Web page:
Published: Monday, March 5, 2012 at 2:42 p.m.
So, you think you're smarter than an elementary school student?
Take a stab at these questions:
- What formula do you use to find the area of a rectangle?
- What part of a story introduces readers to the characters and setting?
- What is the coefficient in the equation 3n = 18?
Scratching your head yet?
Host Kevin Christian, public relations officer for Marion County Public Schools, reacts as adult contestant Curtis Sayler celebrates his correct answer at the Are You Smarter than a ...? contest on Saturday.
These are just some of the questions posed during the third annual “Are You Smarter Than a ….?” competition held Saturday at Marion Technical Institute. The free event is sponsored by Altrusa International of Ocala.
Modeled after the “Are You Smarter than a Fifth Grader?” game show, six adults compete against each other answering questions in math, science, social studies and language arts, submitted by local elementary schools. Contestants are each paired with three area fifth grade students who, if called upon, can offer assistance.
Each contestant, sponsored by local businesses, takes a turn in the spotlight answering up to five questions. They start with first grade questions for 100 points and increase to 500 points for fifth grade questions.
Channeling his best inner TV game show host, Kevin Christian, public relations officer for Marion County Schools, served as host, asking the questions, getting answers from the students and helping entertain the audience.
“How about you audience? Did you get that question right?” he asked after one of the more difficult questions. “No smartphones allowed.”
The audience helped keep things entertaining as well, like this, overheard from a parent: “I don't even know what a vertice is.” (Vertices are corners.)
Tim Roberson, of BBVA Compass Bank, was the winner with 1,300 points. Roberson had a rough start, missing a question about the stars of the U.S. flag and starting with a deficit. But he correctly answered four more questions, including this: “During energy transfer, energy changes from one form to another. When you move, chemical energy changes into what form?” The answer: mechanical.
“I am hoping I'll be remembered more for winning the thing than for missing that stars question,” Roberson said after his victory.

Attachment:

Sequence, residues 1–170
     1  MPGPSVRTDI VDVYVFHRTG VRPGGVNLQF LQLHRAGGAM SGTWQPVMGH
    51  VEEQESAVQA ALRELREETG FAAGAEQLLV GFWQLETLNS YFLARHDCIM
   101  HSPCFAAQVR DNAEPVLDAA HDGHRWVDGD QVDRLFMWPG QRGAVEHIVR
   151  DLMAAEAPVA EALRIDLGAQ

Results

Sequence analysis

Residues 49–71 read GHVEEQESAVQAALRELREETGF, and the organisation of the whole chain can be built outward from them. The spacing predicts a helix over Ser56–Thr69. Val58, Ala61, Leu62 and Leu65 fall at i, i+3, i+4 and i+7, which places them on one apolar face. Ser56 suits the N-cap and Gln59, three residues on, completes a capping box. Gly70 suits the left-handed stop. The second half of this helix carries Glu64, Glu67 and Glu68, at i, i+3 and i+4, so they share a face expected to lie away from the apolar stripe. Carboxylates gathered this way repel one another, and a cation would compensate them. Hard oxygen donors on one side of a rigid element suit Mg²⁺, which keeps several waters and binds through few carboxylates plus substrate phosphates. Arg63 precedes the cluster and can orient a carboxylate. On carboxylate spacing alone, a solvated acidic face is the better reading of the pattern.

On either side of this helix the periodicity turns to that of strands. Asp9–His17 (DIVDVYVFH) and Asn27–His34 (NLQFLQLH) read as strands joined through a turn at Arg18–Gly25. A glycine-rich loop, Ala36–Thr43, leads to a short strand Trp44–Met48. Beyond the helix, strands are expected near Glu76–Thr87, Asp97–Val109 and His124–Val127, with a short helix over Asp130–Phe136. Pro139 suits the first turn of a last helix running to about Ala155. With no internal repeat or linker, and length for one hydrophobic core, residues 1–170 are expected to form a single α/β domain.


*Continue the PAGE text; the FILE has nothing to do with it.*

“I had excellent lifelines,” he said of his three student winners, Caleb Unold of Ward-Highlands Elementary, Carley Crouch of Madison Street Academy and Jerry Perez of Belleview Santos Elementary. Those three, along with the other 15 helpers for the evening, are considered the top fifth grade students at their schools.
Carley Crouch said fifth grade questions are hardest. “They could be something that you haven't studied yet or something that you‘re not very good at,” she said. All submitted questions are from the Sunshine State Standards, the basis for FCAT.
Second place went to Curtis Sayler, of USA Home Inspections, sponsored by Munroe Regional Medical Center.
“It's intimidating,” he said at intermission, while leading with 900 points. “But it's a lot of fun if you don't mind possibly making a fool out of yourself in front of a lot of people.”
The hardest part? The non-multiple-choice questions. “That's when doubt starts to creep into your mind,” he said.
“I would say if you're not used to being on stage in front of people, that would be the hardest part,” said Logan Baker, a College Park Elementary fifth-grader. “But I'm used to that because I act a lot, so that was not a problem for me.”
Rounding out the contestants were last year's champ Dr. Ali Nasser, Jeff Zysek of The Fontaine Financial Group, Tim Hudgens of Signature Brands and Tim Connor of Rodeo Performance Group, sponsored by ClosetMaid.
The event raised $18,000 through sponsorships before it even began. Another $850 was raised through concession sales and a raffle that night. Proceeds will help fund the Altrusa Read-In for Literacy event, Interfaith Emergency Services Food 4 Kids Backpack Program, the purchase of eyeglasses for needy students, scholarships for area students and other projects.
“I think we had better participation this year,” said Scott Tice, Altrusa past president and co-chair of the event. “The schools really supported us this year as you saw with the great cheering sections for the students. We're very pleased.”
Oh, are you still scratching your head about those questions? The answers are: base X height; exposition; and 3.